Edward Lopez

Edward Lopez

The prospect for a quick economic recovery from the COVID-19 pandemic largely depends on the extent to which state leaders continue to embrace economic freedom.

That’s the conclusion of Edward J. Lopez, a professor of economics and director of the Center for the Study of Free Enterprise located on the WCU campus, and Emma Blair Fedison, a CSFE policy researcher.

The duo authored a study titled “North Carolina’s Prospects for COVID-19 Economy Recovery: Top-down and Bottom—up Assessments.”

In an interview, Lopez delved into the concept of economic freedom, stressing the approach is more of a long-term focus.

“Economic activity bubbles up from the bottom,” he said, explaining certain conditions need to exist to make that happen. “It requires people taking risk with careers, starting businesses, moving to a new job and investing in themselves through education and certificates. It is based on the types of decisions that will situate them and their families for the success they all want. No policy maker can pluck up a young person and direct their path.”

The focus of the COVID recovery paper, both explained, was to analyze the best climate to foster economic freedom.

“Everybody knows it is gradual,” Lopez said. “Along the way, people face hurdles, reach milestones and get further down the road. Our approach is to determine what types of hurdles are in the way and how public policy can remove those hurdles.”

For instance, individuals who might want to start a business may need that to happen sooner than later. State requirements such as licenses for barbers, cosmetologists or other occupational licenses for which entrepreneurs must pay a fee and be under state rules need to be examined, he suggested.

“When you look at occupational regulations, a lot of those in lower paying jobs are more onerously regulated than higher paid professions,” Fedison said.

Other impediments to unimpeded economic freedom are the certificate of need process required where healthcare providers must first secure a certificate of need from the state of North Carolina and regulations within the insurance market, Lopez said. Removing the restrictions would not only offer more occupational choices, but provide better value for consumers and households by introducing more competition.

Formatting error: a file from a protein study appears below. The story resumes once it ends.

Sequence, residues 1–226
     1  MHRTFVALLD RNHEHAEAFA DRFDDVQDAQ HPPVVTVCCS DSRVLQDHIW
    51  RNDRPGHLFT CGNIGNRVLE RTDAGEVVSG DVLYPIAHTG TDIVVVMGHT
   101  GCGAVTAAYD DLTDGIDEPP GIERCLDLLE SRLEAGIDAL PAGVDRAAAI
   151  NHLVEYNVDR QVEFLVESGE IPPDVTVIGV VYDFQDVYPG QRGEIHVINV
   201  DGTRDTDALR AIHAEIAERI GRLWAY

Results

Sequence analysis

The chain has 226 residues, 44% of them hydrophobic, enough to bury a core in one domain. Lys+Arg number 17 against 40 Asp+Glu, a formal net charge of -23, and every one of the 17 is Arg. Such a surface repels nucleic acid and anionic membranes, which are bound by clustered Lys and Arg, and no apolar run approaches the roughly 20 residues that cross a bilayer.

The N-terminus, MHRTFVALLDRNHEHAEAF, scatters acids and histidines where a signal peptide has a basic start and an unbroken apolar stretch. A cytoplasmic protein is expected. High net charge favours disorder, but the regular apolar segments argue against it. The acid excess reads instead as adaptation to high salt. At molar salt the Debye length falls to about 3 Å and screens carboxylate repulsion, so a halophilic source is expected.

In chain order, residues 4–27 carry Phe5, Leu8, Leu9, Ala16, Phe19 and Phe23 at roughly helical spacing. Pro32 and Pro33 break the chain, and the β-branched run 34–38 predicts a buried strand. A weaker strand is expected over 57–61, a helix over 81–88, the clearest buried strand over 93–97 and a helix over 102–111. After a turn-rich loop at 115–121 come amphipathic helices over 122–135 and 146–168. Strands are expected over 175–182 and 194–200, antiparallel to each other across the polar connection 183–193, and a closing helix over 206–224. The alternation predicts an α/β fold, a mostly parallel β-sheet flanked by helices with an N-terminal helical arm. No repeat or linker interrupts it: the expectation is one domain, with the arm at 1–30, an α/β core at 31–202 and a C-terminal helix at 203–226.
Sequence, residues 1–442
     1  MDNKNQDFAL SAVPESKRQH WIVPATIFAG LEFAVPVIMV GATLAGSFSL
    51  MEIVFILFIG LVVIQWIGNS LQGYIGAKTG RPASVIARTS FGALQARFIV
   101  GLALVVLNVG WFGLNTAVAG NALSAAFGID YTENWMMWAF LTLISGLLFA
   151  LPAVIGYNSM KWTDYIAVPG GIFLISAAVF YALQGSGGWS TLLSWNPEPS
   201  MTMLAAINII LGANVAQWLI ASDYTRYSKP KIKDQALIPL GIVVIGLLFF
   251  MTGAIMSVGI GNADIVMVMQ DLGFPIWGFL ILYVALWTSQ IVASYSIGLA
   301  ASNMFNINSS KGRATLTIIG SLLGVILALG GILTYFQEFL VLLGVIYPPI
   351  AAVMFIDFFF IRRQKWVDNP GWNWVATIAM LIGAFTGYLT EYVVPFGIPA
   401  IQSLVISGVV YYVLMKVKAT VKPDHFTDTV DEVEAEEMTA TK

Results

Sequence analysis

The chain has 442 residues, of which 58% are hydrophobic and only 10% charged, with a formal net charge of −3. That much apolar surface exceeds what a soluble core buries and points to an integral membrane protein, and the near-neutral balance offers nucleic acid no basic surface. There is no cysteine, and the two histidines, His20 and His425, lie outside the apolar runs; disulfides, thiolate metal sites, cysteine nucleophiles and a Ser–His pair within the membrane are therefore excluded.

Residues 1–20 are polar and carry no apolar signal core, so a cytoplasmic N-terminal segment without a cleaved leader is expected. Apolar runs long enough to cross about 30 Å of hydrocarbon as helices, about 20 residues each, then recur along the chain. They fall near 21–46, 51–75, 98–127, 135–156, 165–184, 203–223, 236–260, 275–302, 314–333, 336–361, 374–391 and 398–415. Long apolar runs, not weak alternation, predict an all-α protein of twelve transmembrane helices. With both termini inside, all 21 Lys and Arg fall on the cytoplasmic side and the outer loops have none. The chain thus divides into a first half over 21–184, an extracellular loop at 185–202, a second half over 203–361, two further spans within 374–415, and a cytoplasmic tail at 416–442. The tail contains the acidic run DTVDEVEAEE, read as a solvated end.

In addition, there are burdensome regulations on everything from household goods to alcohol and other retail goods, Fedison said.

“If something is restricted for a good reason, so be it,” Lopez said, referring to public health or individual safety, “But we also have to realize when we do that, economists tell us we are reducing the prospects for future growth and prosperity. … It’s the law of unintended consequences. Evidence shows that when parts of the supply chain are trying to protect their orbit, things don’t work well together. You are messing up the system of innovation. We need to look for ways to open competition without putting up walls against competition.”

Near-term solution

While the “bubble up” prosperity model requires time, when it comes to immediate relief from the COVID recession, Fedison and Lopez said that’s where the trillions of dollars being spent at the federal level come into play.

They call this the “top-down” avenue, where states have been given funds to cover immediate relief efforts intended to stabilize things and absorb the shock waves. The study noted North Carolina went into the COVID recession with a $6 billion cash buffer, including a $1.2 billion rainy day fund, and $2.9 billion in its unemployment insurance fund.

“These funds were built up over time through fiscal restraint, a growing economy and a gradual strategy to phase in corporate and income tax rate reductions,” the report states.

By contrast, entering the Great Recession in 2008, the rainy day fund was $800 million and the state had to borrow $2.8 billion in federal funds to meet unemployment claims, according to the report.

Much of the state and federal funds are still waiting to be spent. Deciding how to best use those funds is a hard job, Lopez said, noting there was nothing in the recent study that looked at which way was best.

“The one lesson is that a good rainy day fund is better than a bad rainy day fund,” he said.

The report concludes N.C. lawmakers have done an admirable job on having a strong capacity for toe-down relief and creating a healthy climate for bottom-up recovery and ought to continue present policies.

“These hard-fought efforts have allowed North Carolina to establish effective strongholds, not only to absorb the shock of COVID-19, but also to clear paths for ordinary people to move forward with rising prosperity and flourishing for all,” the report states.

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